Types of Hearing Loss
Sensorineural Hearing Loss
Sensorineural hearing loss, also referred to as nerve related hearing loss, occurs with problems in the inner ear, which could include:
- exposure to loud noise
- head trauma
- aging (presbyacusis)
- Meniere’s Disease
- malformation of the inner ear
Sensorineural hearing loss is caused by inner ear or auditory nerve dysfunction, from hair cells being unable to stimulate nerves of hearing, damage to the Organ of Corti, or a metabolic problem with fluids in the inner ear. The neural component may be caused by damaging the Organ of Corti causing the nerves of hearing to degenerate. It may also be the inability of the hearing nerves themselves to transmit neurochemical information.
Sensorineural hearing loss may be caused by exposure to loud noises, or the aging process, also called presbyacusis. Sensorineural hearing loss is typically an irreversible, permanent condition that does not respond to medical treatment. The most common treatment for sensorineural hearing loss is the use of hearing aids.
Conductive Hearing Loss
Conductive hearing loss occurs with problems in the outer and middle ear, which could include:
- earwax buildup
- ear canal obstruction from a foreign object
- ear infections
- benign tumors
- perforated eardrum
- malformations of the outer ear
- hardening of the middle ear bones
Conductive hearing loss is typically the result of a condition that impedes the conveyance of sound through the middle ear cavity to the inner ear, such as a blockage in the ear canal or a disorder that affects the middle ear’s ability to transmit mechanical energy to the stapes footplate. The cause of conductive hearing loss can often be identified and treated medically, for total or partial improvement in hearing.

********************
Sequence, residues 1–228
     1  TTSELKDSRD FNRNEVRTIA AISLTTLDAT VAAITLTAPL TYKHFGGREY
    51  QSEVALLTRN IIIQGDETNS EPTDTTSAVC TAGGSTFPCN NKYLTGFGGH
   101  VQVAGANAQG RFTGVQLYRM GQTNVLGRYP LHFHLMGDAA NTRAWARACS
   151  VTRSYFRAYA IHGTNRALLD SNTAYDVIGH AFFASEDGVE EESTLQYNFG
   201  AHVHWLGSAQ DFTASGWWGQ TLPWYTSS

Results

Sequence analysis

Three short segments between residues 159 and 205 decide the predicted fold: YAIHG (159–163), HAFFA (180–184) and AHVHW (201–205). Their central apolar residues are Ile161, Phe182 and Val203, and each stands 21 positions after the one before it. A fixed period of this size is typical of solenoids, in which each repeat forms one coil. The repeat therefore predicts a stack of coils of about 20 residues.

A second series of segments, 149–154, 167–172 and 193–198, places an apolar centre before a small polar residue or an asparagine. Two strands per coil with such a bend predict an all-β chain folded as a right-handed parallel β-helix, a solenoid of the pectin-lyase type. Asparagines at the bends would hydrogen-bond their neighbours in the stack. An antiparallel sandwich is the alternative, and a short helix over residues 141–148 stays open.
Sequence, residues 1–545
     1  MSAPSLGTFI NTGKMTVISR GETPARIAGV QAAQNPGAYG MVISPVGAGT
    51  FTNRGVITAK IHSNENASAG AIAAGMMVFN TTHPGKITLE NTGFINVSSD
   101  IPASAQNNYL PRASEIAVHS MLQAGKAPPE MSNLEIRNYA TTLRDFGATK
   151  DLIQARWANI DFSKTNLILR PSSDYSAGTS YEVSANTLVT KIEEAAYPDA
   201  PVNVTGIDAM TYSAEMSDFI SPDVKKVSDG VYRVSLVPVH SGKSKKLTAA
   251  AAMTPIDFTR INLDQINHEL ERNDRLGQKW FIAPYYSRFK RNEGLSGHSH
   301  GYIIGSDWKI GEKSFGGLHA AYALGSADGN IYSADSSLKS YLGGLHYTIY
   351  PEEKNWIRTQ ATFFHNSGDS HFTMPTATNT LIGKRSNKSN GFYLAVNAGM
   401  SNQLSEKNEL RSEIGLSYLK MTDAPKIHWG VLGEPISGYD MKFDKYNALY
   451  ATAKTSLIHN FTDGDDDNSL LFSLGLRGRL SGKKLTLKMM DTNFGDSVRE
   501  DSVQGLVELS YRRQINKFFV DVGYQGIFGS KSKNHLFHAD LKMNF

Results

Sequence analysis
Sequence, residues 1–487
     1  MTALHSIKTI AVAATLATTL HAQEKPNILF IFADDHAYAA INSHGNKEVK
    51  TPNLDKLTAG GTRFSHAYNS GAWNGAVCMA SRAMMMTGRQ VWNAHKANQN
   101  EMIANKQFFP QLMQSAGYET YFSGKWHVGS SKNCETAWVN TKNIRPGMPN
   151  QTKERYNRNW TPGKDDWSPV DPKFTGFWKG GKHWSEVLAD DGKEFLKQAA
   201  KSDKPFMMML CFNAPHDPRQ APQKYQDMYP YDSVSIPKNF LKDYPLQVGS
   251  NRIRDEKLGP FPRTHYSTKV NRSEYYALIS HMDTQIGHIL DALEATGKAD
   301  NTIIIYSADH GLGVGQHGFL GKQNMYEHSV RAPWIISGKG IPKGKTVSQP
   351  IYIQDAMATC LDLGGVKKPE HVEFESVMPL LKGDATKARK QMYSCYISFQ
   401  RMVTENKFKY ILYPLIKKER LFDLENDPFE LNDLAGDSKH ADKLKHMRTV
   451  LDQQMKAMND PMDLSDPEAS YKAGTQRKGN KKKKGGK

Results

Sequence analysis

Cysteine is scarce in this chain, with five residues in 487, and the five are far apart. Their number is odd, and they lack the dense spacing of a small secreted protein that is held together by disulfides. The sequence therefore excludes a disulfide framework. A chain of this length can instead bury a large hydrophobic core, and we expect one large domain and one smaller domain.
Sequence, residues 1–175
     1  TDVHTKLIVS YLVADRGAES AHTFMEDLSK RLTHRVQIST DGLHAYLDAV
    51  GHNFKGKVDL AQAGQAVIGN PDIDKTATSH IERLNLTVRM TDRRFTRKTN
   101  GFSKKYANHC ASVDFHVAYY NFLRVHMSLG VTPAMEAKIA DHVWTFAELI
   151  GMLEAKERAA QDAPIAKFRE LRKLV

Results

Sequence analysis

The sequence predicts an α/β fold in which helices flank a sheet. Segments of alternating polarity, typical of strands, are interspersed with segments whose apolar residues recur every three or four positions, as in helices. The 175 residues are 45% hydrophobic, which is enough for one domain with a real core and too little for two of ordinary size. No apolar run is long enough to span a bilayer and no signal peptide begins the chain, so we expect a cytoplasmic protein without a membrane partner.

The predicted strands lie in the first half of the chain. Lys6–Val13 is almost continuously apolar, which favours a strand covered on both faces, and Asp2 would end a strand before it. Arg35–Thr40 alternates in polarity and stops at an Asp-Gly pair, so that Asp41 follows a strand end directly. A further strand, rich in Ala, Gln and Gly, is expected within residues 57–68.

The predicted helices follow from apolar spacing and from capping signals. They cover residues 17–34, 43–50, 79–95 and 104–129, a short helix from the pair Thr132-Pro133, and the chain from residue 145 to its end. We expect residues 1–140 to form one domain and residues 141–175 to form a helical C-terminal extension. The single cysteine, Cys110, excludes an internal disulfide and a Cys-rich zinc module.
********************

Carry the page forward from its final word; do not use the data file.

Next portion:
Mixed Hearing Loss
Mixed hearing loss occurs as a combination of conductive and sensorineural hearing loss. There may be irreversible sensorineural hearing loss resulting from an inner ear or auditory nerve condition, combined with conductive hearing loss resulting from a problem in the middle ear. While the conductive hearing loss may be treatable, the sensorineural hearing loss is most likely permanent. Hearing aids will likely be a good option for this type of hearing loss, following any available medical treatment.
Our hearing experts can determine which type of hearing loss you have and recommend the appropriate treatment.